Editorial -- Lessons From the Minnesota Senate Race
MINNESOTA WILL have to wait for the courts to decide who won its fiercely contested U.S. Senate race. But the verdict is already in on how the election process has been managed. Overall, there's much to admire about Minnesota's system and how its officials have behaved. Nonetheless, the cliffhanger should spur leaders there and elsewhere to look for even better ways to decide disputed elections.
A recently concluded hand recount by a five-member canvassing board produced a 225-vote lead for Democrat Al Franken over Republican incumbent Norm Coleman. The board did not declare a winner; Mr. Coleman is contesting the election because there are issues -- such as the handling of some absentee ballots -- that need to be decided by a court panel with power to take testimony and conduct evidentiary hearings. Still, those who were disappointed by the canvassing board's final count have assailed -- unfairly, to our mind -- the integrity of its work. The board was bipartisan, included top jurists from the state, conducted all deliberations in public, was careful not to overstep its authority and was unanimous in all major decisions. Indeed, 58 percent of Minnesotans questioned in a recent survey found the process fair, with 61 percent explicitly approving of the job done by Secretary of State Mark Ritchie, a Democrat who chaired the board. Minnesota was better positioned to undertake a recount because of its experience with close votes; the 1962 governor's race, which was decided by 91 votes in a recount that took 139 days, led to useful reforms.
Still, officials should look for ways to avoid having important races decided when the margin of votes is smaller than the margin of error. Two Minnesota state lawmakers announced this week that they will push for legislation providing for a separate runoff in place of a recount when the top vote-getters are separated by half a percentage point or less. Georgia was well served in November by its requirement for a runoff when no Senate candidate gets 50 percent or more of the vote. Another option for elections with more than two participants -- such as this one -- is the instant runoff system, in which voters rank the candidates; if a voter's first choice doesn't reach a certain threshold, that vote is reapportioned to his or her second choice, increasing the chances for a decisive outcome.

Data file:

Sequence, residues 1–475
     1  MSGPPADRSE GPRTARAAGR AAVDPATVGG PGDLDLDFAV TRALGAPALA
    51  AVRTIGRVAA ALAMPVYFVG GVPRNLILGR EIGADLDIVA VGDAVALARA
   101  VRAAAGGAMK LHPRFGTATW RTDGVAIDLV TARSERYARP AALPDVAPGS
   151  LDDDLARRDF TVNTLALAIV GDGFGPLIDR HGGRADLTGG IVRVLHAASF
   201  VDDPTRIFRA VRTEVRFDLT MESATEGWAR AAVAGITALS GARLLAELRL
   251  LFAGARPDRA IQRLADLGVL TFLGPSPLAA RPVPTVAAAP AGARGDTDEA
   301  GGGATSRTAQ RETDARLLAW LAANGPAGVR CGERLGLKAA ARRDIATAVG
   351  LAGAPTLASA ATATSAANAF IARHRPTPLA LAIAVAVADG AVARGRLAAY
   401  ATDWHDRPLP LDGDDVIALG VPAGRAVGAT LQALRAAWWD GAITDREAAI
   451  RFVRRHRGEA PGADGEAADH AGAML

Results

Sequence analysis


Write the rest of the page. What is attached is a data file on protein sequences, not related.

Minnesota, like other states, needs to improve the system by which people vote by absentee ballot. More and more voters are opting to vote absentee; the number doubled this year in Minnesota. While we are mindful of concerns about voter fraud, there is no reason that the process can't be simplified, with better training of election workers. Then, too, there is merit to moving to a system, as Virginia Gov. Timothy M. Kaine (D) wants to do, that doesn't require voters to offer an excuse to vote by absentee ballot.
Finally, there is no reason for states not to allow early voting. Providing more time for people to cast their ballots proved an enormous success in last year's historic presidential election. It allows voters and election officials to troubleshoot problems, and it increases participation. In 2007, Minnesota Gov. Tim Pawlenty (R) vetoed a bill that would have enabled early voting; that his state's Senate race has yet to be decided is one more reason to revisit that issue.